The liver is the largest organ in the body, situated in the upper part of the abdomen on the right-hand side of the body. It’s functions include:
- regulating sugars and fats for energy use
- producing proteins that help the blood to clot
- destroying harmful substances such as alcohol and drugs, and also getting rid of waste products.
There are different types of primary liver cancer. Knowing the exact type of cancer helps the doctors to decide on the most appropriate treatment.
Hepatocellular carcinoma (HCC)
85% of primary liver cancers are this type. HCC is sometimes known as hepatoma and it arises in the main cells of the liver called hepatocytes. HCC is more common in men, however a rarer sub-type of HCC called fibrolamellar HCC, is more common in younger women.
This type of cancer starts in the cells that line the bile duct, connected to the liver and is sometimes called bile duct cancer. It is more common in women.
What causes liver cancer?
The exact cause of primary liver cancer isn’t known. We know, like other cancers, that it is not infectious, and can’t be passed on to other people.
There are factors that increase a person’s risk of developing primary liver cancer.These include:
Cirrhosis of the liver
This is scarring on the liver, due to infection or heavy alcohol drinking over a long period of time. This increases the risk of developing HCC, yet only a small number of people will develop primary liver cancer.
Inherited medical conditions
Primary liver cancer is not caused by an inherited faulty gene, however, people who have an inherited condition, such as haemochromatosis or tyrosinaemia, have a higher chance of developing cirrhosis and HCC.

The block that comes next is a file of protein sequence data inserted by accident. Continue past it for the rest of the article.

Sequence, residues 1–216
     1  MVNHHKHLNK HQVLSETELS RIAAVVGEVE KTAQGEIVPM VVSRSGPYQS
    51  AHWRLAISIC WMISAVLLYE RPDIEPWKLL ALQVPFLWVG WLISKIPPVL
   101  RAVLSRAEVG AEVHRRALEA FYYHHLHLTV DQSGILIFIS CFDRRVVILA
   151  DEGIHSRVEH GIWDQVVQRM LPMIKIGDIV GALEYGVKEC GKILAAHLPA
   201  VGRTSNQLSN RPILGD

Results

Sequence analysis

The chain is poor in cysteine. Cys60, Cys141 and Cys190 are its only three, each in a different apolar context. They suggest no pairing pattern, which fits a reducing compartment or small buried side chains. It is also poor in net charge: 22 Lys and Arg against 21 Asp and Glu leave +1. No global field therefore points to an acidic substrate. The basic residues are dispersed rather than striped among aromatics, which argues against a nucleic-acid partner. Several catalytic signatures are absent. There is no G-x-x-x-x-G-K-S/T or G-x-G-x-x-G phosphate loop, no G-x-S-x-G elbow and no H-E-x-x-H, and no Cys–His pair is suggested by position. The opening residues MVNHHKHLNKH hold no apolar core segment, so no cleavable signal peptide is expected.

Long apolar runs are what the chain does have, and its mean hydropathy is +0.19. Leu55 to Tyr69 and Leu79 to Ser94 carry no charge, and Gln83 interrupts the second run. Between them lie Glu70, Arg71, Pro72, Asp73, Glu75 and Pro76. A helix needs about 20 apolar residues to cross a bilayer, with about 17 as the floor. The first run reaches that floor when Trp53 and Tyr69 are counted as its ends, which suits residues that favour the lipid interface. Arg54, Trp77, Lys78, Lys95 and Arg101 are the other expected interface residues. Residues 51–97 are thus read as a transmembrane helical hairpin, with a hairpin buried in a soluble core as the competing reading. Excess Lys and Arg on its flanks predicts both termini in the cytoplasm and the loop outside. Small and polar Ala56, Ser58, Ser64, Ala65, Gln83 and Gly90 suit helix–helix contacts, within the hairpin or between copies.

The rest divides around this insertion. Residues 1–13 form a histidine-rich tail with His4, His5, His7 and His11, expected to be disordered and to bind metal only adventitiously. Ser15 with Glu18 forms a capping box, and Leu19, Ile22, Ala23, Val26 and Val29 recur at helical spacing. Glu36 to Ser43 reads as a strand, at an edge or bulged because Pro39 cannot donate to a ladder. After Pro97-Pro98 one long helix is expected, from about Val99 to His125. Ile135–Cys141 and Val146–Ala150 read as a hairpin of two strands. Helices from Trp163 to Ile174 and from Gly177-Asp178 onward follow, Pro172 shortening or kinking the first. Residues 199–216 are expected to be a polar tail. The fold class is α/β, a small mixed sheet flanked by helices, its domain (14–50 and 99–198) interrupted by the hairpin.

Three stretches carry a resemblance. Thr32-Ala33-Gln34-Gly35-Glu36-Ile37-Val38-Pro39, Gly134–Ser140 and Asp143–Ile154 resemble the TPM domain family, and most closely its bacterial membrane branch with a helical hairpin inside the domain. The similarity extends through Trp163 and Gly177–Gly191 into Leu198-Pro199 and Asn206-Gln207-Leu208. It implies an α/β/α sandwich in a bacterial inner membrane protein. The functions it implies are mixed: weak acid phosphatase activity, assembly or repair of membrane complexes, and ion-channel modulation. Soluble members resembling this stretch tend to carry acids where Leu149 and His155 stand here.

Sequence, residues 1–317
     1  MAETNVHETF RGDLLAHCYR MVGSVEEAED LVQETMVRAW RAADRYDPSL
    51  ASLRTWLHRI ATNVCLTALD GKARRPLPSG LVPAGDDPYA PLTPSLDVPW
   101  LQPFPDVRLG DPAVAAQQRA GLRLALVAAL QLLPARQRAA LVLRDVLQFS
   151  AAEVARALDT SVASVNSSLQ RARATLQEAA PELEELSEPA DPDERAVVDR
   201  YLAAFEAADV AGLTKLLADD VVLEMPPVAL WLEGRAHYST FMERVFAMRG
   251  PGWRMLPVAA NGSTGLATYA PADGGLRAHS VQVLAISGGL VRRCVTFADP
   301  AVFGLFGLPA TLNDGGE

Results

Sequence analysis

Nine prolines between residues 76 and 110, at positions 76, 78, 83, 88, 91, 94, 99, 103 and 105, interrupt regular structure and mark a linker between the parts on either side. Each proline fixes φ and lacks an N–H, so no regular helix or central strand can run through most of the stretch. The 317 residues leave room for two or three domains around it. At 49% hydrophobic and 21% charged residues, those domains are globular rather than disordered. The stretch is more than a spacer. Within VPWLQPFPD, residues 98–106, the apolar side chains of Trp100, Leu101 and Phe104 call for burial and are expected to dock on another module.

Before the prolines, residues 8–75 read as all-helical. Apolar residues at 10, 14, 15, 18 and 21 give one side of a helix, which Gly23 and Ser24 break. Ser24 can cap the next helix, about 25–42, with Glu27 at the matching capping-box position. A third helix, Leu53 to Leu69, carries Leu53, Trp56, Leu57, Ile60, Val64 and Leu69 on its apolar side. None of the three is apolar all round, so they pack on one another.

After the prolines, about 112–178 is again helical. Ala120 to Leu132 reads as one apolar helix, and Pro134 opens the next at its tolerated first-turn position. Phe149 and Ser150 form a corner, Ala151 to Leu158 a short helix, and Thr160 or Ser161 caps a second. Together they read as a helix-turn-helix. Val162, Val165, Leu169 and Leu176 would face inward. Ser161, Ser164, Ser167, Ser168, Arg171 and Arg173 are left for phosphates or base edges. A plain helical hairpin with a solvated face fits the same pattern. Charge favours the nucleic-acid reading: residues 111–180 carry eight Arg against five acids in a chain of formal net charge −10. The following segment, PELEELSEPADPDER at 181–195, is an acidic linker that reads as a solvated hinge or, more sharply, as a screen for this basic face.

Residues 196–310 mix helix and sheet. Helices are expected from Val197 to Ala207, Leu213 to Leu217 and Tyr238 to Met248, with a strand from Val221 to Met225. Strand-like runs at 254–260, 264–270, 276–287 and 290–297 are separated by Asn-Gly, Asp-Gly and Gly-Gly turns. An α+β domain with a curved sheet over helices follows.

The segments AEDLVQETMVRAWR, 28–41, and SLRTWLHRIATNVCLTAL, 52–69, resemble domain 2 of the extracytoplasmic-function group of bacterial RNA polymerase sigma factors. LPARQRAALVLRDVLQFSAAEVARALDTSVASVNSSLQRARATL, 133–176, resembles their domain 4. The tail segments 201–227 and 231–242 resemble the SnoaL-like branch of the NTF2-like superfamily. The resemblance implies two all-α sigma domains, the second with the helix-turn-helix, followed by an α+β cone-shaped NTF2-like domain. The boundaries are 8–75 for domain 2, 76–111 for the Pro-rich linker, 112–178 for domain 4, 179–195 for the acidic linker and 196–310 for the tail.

This is a poison found mainly in Africa and Asia and can be found in the mould on peanuts, soya beans wheat and grain from these areas. This also increases the risk of developing HCC.
People who take anabolic steroids over a long period of time also have a slightly increased risk of developing primary liver cancer.
What are the symptoms?
For early stages of primary liver cancer there are often vague or no symptoms. They range from:
- Jaundice: Makes the skin and the whites of the eyes go yellow and may make the skin very itchy. Other signs include dark-coloured urine and pale stools (bowel motions).
- Ascites: A build up of fluid in the abdomen and causes swelling known as ascites. A tube can be put into the abdomen to drain the fluid away.
- Pain: In the upper abdomen sometimes also be felt in the right shoulder, known as referred pain.
- Loss of appetite.
- Weight loss.
- Feeling sick (nausea).
- Weakness and tiredness (lethargy).
TIP: If you have any of these symptoms you should have them checked by your doctor - but remember, they are common to many illnesses.
How is it diagnosed?
After visiting a GP you will probably be referred to a hospital for some tests. These may include:
- Abdominal CT (computerised tomography) scan: A CT scan takes a series of x-rays of the abdomen which build up a 3D picture of the inside of the body. It can be used to show the size and position of a cancer. The scan is painless and takes 10–30 minutes. Before the scan the patient will be asked to drink a special liquid which shows up on x-ray.
- Liver ultrasound: Uses sound waves to look at the liver.
- Blood test
- Liver biopsy: The doctor takes some cells or a small piece of tissue from the affected area to look at under a microscope. This is called a biopsy. After the area has been numbed using a local anaesthetic injection, a fine needle is passed into the tumour through the skin. CT or ultrasound may be used at the same time, to make sure that the biopsy is taken from the right place. The patient will need to stay in hospital for a couple of hours after a liver biopsy, and possibly overnight. This is because there is a risk of bleeding afterwards.